18/01/2022 - 15:50

Two mass events canned due to pandemic risks

18/01/2022 - 15:50

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City to Surf and Crab Fest have been cancelled for the third year in a row due to the threat of COVID-19.

Two mass events canned due to pandemic risks
City to Surf attracted more than 40,000 people in 2019. Photo: Facebook

City to Surf and Crab Fest have been cancelled for the third year in a row due to the threat of COVID-19.

The large fun run, which has attracted about 40,000 participants in the past, is usually held on the last Sunday in August. 

Activ chief executive Michael Heath said the decision to not hold the event again this year was very difficult, but the health and safety of participants came first.

“Our aim is to bring back this much-loved community fun run in 2023,” Mr Heath said.

“The Chevron City to Surf for Activ is not for profit’s largest annual fundraising event, with donations raised directed to supporting Western Australians with intellectual disability to achieve their independence goals.”

Meanwhile, the City of Mandurah Council decided not to proceed with the 2022 Mandurah Crab Fest.

Crab Fest is one of the largest free community events in regional Western Australia and was scheduled to run from Friday 18 to Sunday 20 March 2022.

In a statement, the city said it commenced initial event planning in August 2021 and while there had been minimal expenditure associated with the event to date, the City would be required to enter various contracts and pay the relevant deposits within coming weeks.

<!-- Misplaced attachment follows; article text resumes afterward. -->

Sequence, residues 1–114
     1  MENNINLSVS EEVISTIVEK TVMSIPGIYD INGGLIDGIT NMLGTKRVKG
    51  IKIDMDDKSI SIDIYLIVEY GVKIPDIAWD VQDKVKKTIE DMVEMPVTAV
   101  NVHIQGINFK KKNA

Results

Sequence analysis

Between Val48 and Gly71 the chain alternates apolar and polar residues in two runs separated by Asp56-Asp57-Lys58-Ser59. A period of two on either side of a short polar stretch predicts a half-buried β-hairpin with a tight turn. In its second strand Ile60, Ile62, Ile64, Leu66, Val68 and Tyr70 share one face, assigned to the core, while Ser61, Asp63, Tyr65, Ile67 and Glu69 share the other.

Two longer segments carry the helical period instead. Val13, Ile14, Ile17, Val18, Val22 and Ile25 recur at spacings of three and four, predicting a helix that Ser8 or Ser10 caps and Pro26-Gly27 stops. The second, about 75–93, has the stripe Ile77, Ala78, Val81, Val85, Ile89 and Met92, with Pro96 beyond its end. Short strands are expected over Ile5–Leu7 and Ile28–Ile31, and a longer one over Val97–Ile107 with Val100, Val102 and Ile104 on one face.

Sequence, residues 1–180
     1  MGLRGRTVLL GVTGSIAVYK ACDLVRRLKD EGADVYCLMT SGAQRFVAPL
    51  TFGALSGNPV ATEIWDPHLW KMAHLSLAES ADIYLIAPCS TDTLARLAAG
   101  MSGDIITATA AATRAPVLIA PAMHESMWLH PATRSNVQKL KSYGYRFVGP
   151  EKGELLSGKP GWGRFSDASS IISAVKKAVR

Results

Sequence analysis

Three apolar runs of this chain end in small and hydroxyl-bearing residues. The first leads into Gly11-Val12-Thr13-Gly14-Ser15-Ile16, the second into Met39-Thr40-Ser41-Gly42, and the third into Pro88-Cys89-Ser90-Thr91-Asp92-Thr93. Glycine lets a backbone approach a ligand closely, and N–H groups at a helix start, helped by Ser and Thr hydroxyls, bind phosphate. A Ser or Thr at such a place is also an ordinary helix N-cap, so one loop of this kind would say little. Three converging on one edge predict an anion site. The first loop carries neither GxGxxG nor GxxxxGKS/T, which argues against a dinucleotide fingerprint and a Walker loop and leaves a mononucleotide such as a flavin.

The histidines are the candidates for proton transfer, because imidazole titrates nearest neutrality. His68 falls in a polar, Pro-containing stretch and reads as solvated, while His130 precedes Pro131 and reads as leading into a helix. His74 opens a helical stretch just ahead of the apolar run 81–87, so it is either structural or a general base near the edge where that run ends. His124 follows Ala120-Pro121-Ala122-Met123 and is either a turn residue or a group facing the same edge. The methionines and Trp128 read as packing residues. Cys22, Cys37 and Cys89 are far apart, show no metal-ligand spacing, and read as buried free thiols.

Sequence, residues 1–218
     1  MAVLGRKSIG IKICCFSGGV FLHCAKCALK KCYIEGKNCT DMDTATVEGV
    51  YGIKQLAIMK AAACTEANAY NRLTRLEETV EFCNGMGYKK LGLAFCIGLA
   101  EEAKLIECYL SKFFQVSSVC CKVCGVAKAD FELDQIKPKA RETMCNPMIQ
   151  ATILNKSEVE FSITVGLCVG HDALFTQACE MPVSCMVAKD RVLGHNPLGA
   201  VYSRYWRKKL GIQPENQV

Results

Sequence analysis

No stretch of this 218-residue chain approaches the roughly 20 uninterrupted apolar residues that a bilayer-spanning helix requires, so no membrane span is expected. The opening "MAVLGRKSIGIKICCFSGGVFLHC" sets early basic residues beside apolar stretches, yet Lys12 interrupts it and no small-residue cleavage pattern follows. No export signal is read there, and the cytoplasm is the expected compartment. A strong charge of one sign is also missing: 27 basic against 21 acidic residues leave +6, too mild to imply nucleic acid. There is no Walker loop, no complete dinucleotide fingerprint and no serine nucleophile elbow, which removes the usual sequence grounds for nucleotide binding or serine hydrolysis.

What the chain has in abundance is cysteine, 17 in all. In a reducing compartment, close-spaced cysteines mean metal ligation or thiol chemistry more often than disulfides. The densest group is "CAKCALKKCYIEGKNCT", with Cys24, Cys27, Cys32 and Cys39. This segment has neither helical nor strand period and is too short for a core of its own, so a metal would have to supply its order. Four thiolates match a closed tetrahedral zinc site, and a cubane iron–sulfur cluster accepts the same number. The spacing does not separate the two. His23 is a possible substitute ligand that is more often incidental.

City of Mandurah Mayor Rhys Williams said the decision to not hold the much-loved event had not been made lightly.

“We’re at a crucial stop-go point right now where we need to weigh up the risks of proceeding or not proceeding with the event, based on what we know at this point in time and are able to assume from experience elsewhere,” Mr Williams said.

“We’re taking a common-sense approach based on the current significant uncertainty around holding major events.

“We can also learn a lot from what’s happening in the Eastern States and people’s cautious behaviour around attending big events.

“With everything we know right now, it would simply not be a responsible decision to proceed.

“At this stage the event could proceed, however there is too much uncertainty and risk, including Government flagging the very real potential for increased restrictions when Crab Fest is planned.”

He said the funds earmarked for Crab Fest 2022 would be used to deliver events and an activation program in the second half of the year.

Mr Williams said the event generated about $8.3 million for the local economy.

The announcements came a day after Perth Festival decided to cancel its community opening weekend event, Escape, which was due to take place on February 11 and 12. 

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